In Prison, We Helped Fight Wildfires. Upon Release, We Were Handed Over to ICE.

Phi “Tommy” Pham is currently facing deportation to Vietnam, a country he has no ties to. Pham is a refugee and incarcerated firefighter. His story is ours, too.

In 2020, after serving as firefighters in the worst fire season in California history, we were handed over to Immigration and Customs Enforcement (ICE). While we were recently pardoned, the state prison system continues to detain and deport people like Pham — and like us.

As the second largest fire in state history rages on, we know that this year’s fire season will be even more destructive than the last. Pham should be home preparing to protect our communities. Instead, he’s now detained in Aurora, Colorado, and facing permanent family separation.

Like Pham, our families fled the wars in Southeast Asia before arriving in the United States. We survived refugee camps and resettled in impoverished neighborhoods in California. We struggled to make ends meet. Our families didn’t speak English, and we were frequently bullied in school for being Asian and poor. We understand why Pham turned to harmful activity. After experiencing years of trauma, we only understood survival.

Like many others in prison, our entire lives were changed by a mistake we made as youth. Pham was just 20 when a verbal argument turned into a physical altercation. Feeling scared and outnumbered, Pham drew his gun and shot in the direction of a group, hitting one person. Everyone thankfully survived, but Pham pled to assault and was sentenced to 15 years in prison.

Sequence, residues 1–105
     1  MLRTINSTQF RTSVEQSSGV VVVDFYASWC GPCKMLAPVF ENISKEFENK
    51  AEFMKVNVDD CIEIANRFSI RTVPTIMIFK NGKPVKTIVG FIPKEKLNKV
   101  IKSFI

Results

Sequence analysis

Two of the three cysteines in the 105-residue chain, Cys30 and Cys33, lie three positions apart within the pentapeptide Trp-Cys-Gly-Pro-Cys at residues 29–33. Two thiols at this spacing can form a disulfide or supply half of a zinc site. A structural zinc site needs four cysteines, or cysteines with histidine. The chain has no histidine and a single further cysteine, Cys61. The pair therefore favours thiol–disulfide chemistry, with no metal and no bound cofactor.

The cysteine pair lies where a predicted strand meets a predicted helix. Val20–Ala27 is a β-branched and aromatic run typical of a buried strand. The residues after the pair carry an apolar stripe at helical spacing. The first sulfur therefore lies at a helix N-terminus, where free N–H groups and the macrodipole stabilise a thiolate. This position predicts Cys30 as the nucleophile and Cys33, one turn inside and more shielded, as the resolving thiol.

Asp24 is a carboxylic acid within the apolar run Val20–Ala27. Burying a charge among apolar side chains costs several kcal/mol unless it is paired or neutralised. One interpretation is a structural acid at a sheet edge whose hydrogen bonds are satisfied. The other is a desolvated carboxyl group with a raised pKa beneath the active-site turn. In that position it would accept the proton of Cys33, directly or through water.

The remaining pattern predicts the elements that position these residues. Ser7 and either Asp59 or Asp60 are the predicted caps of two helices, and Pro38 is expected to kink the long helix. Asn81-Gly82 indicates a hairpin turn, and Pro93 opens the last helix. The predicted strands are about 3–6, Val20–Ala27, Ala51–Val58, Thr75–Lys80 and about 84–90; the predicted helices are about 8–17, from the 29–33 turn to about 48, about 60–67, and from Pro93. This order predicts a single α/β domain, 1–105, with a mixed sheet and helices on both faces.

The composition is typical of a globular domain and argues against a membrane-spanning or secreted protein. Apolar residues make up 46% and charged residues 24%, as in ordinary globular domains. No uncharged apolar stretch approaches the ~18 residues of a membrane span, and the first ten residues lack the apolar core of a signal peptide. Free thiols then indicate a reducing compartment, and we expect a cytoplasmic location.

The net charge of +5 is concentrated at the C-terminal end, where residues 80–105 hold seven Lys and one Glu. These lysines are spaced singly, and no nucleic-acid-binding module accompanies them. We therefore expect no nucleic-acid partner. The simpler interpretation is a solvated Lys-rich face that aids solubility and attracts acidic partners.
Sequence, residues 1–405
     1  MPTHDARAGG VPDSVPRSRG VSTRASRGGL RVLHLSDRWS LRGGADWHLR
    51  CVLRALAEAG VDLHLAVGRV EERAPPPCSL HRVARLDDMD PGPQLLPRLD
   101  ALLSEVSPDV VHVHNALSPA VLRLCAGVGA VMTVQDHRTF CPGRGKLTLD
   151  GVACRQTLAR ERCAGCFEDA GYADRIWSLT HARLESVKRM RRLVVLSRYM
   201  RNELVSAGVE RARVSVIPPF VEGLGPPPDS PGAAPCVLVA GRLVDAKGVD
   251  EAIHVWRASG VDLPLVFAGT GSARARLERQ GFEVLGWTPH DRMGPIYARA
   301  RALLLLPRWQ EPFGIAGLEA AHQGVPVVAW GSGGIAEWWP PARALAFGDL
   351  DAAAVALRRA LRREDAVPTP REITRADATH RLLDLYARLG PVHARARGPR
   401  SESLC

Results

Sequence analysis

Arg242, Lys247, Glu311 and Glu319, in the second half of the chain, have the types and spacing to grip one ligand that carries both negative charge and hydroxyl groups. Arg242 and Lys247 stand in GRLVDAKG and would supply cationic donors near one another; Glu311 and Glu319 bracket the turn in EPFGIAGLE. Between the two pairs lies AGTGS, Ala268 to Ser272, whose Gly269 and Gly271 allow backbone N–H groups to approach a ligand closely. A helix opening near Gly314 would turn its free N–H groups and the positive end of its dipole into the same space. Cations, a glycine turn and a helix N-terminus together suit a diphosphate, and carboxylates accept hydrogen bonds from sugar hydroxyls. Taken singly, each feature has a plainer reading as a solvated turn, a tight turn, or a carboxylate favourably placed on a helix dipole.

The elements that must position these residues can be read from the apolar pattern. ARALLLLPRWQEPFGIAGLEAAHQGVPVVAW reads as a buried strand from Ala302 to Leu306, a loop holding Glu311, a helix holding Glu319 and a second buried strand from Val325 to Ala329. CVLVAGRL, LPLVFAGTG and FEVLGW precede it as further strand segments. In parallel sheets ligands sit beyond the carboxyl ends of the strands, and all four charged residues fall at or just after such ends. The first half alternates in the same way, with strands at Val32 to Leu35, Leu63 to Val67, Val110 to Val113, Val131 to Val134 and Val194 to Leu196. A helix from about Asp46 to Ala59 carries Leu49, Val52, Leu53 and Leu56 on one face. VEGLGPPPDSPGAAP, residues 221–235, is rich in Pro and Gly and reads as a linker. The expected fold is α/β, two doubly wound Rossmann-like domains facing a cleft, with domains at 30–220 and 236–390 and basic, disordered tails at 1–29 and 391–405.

In prison, Pham confronted the harm he did to his community and decided to make amends. He took anger management classes, joined support groups and completed his college degree. In 2018, Pham saw news of the devastating wildfires in Paradise, California, and decided to volunteer as a firefighter to protect the people of his home state. After months of rigorous training, he became a star firefighter at Folsom State Prison Fire Department, responding to countless life-threatening emergencies in and out of prison.

On June 16, 2021, Pham became eligible for parole. After his years of hard work, transformation and healing, he should have been able to return home to his family. But instead, upon his release, California’s state prison system directly transferred him into ICE custody.

In 2020, we were in exactly Pham’s position. We had both turned our lives around in prison and served on the front lines of wildfire season, risking our lives for California communities. Because of our refugee status and California’s collaboration with ICE, we were also immediately detained after paroling. Our own transformation and contributions to defending California were overlooked.

Being detained was as terrifying as entering prison for the first time. We had already earned our freedom but were doubly punished for no reason other than that we were born outside of this country. We and our families were terrified. Locked up, we had spent years waiting for the day we could finally embrace our siblings and care for our aging parents — only to be severed from them and potentially deported to countries we never called home.

We were incredibly grateful that this past May, Gov. Gavin Newsom pardoned us both so that we could reunite with our loved ones. But Pham is still in ICE detention, over 1,200 miles from his mother and siblings in Hayward, California.

No family deserves to be ripped apart by deportation. That’s why we’re asking our state senators and Governor Newsom to pass A.B. 937, the VISION Act, which would protect people like us, who have served their sentences, from being transferred from jails and prisons directly into ICE custody.

We also urge Governor Newsom to immediately pardon Pham. In detention, Pham is suffering from lung damage and vision problems, while ICE refuses to let him seek treatment. We ask that the governor recognize Pham’s contributions to society and make sure that he comes home to the care of his family.

In the next few months, California will be devastated by unprecedented wildfires, exacerbated by extreme drought and the climate crisis. The governor must take decisive action by protecting the immigrants and incarcerated firefighters who serve our communities. If our elected officials pardon Phi Pham and sign the VISION Act, they’ll help build a safer, more compassionate society where all families, including families like ours, can thrive.